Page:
Cameron Gordon asked an interesting question in his talk yesterday morning (at 8 AM!) here at the JMM. Given a non-primitive element *g* of a free group *F*, which we identify with the fundamental group of a handlebody *H*, you can ask whether there is a simple loop in the boundary of *H *representing the element *g* in the fundamental group. There is always an infinite family of curves representing g, but in general, these curves may all have self intersections. If you do happen to find a simple representative then you can glue a 2-handle to *H* along this curve. The fundamental group of the resulting 3-manifold with boundary *M* is the 1-relator group that you get by quotienting *F* by the relation *g*. If you compress the boundary of *M* into the manifold as much as possible, the result is an incompressible surface, implying that the 1-relator group contains a surface subgroup (i.e. a subgroup isomorphic to the fundamental group of a surface.) This property is important to geometric group theorists for various reasons. (Perhaps I can convince Henry, who has signed up to write occasional posts, to explain why…)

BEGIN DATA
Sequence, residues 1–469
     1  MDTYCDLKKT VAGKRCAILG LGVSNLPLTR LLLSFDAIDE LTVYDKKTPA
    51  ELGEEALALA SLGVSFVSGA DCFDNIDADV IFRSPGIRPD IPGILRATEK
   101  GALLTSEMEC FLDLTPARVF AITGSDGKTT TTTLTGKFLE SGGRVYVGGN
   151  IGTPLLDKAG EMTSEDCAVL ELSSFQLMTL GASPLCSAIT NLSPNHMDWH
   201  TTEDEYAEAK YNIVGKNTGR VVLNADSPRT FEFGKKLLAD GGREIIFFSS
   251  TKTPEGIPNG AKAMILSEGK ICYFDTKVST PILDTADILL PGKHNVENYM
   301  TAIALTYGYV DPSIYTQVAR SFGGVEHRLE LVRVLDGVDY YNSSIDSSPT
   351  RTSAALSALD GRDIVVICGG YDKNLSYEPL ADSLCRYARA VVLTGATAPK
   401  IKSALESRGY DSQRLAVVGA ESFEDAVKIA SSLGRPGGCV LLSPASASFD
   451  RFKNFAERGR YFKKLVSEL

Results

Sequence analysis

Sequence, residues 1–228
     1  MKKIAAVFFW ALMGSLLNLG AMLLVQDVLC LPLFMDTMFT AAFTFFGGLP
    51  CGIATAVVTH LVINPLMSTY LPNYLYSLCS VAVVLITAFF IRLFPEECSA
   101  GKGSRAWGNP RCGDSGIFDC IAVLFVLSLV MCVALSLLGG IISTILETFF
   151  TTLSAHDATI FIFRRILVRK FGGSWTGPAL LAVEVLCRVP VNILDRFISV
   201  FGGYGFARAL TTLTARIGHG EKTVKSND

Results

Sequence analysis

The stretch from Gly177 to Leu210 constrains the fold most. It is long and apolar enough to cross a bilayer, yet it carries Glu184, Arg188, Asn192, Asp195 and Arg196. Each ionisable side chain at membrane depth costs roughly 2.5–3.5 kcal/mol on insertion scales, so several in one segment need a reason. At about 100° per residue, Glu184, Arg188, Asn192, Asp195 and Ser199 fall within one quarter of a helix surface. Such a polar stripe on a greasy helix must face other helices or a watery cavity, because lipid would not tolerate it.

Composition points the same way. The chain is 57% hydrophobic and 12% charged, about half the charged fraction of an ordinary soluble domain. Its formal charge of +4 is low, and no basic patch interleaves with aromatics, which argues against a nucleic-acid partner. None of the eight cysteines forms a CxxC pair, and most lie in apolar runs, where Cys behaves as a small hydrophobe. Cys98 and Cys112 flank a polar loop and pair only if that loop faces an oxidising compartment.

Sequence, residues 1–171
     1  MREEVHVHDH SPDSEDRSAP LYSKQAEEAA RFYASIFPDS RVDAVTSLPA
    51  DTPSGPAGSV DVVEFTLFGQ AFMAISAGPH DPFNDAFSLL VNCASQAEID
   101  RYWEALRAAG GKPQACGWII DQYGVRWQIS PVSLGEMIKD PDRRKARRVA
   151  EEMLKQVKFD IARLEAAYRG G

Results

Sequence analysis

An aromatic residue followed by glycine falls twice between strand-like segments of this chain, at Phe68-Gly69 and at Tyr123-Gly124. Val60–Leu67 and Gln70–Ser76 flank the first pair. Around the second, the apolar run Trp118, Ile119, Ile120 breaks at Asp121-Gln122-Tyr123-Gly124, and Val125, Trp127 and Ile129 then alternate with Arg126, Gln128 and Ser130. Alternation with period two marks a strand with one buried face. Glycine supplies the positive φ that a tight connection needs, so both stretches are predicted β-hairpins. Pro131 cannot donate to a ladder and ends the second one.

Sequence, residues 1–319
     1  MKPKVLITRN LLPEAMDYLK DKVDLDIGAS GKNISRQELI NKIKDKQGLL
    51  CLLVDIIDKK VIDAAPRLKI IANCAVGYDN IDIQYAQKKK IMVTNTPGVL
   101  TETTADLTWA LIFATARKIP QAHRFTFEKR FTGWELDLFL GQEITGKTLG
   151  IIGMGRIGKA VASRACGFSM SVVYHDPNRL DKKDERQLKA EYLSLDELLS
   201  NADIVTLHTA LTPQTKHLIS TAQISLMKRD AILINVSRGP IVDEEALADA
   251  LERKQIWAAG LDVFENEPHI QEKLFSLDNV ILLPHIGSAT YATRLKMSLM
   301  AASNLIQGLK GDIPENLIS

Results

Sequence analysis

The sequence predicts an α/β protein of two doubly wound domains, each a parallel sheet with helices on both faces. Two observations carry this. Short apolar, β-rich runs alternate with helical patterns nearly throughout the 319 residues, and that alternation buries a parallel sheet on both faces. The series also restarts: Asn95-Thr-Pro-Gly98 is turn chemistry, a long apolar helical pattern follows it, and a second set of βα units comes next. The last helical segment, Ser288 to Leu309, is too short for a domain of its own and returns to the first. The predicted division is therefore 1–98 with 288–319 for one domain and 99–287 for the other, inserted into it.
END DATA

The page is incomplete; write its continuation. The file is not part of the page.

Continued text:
Of course, most elements of *F* don’t have simple representatives so here’s something else to try: If we could find a subgroup of the 1-relator group that contains a surface subgroup then we’d be done. A finite index subgroup of the 1-relator group is determined by a finite cover of *H* in which there is a closed curve whose projection into *H* represents *g*. If we can find such a finite cover of *H* in which there is a *simple* closed curve that projects to *g* then the fundamental group of the manifold it defines (which is a subgroup of the original 1-relator group) contains a surface subgroup. Cameron asks whether this always happens. In other words, is every non-primitive element of a free group *F* represented by a simple closed curve in a finite cover of a handlebody with fundamental group *F*?